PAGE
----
Authors: Y Lamarche, D Sirounis, JG Abel, M Gao, L Ding, SV Lichtenstein
Reference: Can J Cardiol 2011; 27(5) Supplement S196 - Abstract 374
BACKGROUND: Several risk scoring systems can help predict surgical mortality and complications in cardiac surgery. Those systems have not been designed and are not validated in pa-tients admitted to an Cardiac Surgical Intensive Care Unit (CSICU) immediately after surgery.
METHODS: The British Columbia Cardiac Surgery Registry was used to build a model to identify predictors of thirty-day mortality after adult cardiac surgery. From January 2000 to December 2009, preoperative and intraoperative data from 30 500 patients operated in four hospitals were used to build a multiple logistic regressionmodel. Sixty percent of the patients were used in the derivation group. Forty percent of the patients were used as a validation group. Type of procedure was forced into the model whereas all other variable with a P value <0.05 were integrated into the ﬁnal model.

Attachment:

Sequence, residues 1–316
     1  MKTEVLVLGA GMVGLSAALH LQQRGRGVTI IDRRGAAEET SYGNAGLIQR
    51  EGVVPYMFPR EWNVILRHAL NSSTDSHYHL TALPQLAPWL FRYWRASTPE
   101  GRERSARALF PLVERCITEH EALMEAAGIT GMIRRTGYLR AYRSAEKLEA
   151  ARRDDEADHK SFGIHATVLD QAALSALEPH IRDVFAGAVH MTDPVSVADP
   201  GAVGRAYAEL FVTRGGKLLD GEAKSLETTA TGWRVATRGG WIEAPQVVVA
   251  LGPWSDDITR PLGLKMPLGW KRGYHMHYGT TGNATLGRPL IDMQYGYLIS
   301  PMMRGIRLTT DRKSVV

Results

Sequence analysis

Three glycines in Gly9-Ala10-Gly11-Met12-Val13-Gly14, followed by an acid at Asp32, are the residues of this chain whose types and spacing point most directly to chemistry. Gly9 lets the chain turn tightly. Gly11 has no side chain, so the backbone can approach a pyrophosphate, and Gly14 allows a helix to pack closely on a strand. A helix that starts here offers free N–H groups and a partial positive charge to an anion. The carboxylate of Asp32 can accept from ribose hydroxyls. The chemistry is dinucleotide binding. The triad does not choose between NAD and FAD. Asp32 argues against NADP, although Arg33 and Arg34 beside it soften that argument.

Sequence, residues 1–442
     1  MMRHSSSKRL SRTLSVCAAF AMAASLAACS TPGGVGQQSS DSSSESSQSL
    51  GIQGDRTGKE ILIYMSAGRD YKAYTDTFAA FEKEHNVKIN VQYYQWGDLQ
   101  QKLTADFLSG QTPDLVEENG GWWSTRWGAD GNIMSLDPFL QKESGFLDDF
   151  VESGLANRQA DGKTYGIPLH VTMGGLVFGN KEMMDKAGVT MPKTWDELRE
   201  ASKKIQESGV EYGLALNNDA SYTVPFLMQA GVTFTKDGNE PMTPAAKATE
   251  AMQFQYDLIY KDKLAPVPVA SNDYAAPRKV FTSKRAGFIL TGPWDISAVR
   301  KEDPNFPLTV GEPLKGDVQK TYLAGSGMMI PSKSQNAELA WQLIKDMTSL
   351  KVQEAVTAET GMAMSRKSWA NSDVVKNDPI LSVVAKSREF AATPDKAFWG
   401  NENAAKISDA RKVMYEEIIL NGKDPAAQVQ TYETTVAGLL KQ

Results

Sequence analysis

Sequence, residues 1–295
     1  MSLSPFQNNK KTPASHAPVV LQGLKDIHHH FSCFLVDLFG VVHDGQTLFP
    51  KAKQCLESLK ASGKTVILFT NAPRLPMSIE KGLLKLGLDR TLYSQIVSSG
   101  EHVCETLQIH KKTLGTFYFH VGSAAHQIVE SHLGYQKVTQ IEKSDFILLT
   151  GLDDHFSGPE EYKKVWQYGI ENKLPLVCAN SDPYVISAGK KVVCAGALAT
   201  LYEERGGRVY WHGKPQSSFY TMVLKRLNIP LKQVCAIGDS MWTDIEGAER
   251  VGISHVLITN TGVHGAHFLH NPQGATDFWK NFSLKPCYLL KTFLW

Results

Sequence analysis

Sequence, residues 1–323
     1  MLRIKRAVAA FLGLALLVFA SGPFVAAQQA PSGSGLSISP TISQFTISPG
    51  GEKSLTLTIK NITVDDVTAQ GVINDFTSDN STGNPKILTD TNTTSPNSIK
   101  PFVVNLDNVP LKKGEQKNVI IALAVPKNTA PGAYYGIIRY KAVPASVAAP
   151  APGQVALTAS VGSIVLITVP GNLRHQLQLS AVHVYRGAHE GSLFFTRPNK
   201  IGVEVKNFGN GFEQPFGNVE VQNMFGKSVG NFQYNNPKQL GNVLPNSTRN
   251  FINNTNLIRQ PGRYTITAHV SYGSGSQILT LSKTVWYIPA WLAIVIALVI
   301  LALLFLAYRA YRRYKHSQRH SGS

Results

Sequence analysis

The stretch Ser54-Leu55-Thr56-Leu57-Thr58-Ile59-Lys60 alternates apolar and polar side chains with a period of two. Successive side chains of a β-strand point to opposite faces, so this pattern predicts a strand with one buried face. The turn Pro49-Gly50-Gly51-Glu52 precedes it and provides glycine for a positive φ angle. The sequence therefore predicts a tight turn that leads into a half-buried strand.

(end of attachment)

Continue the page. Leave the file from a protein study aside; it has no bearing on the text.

RESULTS: Mortality occurred in 2.6% of patients (n = 790). Preoperative factors identiﬁed in the model as predictors of operative mortality were age, female gender, emergency status, pulmonary hypertension, peripheral vascular disease, renal dysfunction, diabetes, peptic ulcer disease, history of alcohol abuse
and refusal of blood products. Intraoperative risk factors included intraaortic balloon pump, ventricular assist device or ECMO leaving the operating room; presence of any intraoperative complication reported by the surgeon, the use of inotropes, high dose vasopressors, red blood cell transfusion and cardiopulmonary bypass time. When used after surgery, the model had C-statistics of 0.86 and 0.86 in the training and validation set, respectively.
CONCLUSION: Preoperative and intraoperative variables could be used at admission to a CSICU to calculate a severity score predicting the surgical mortality. The score is simple, easy to use and was highly predictive in that population. External validation in other settings will be necessary. The score could be used to describe the acuity of patients after cardiac surgery in further cardiac surgical intensive care studies.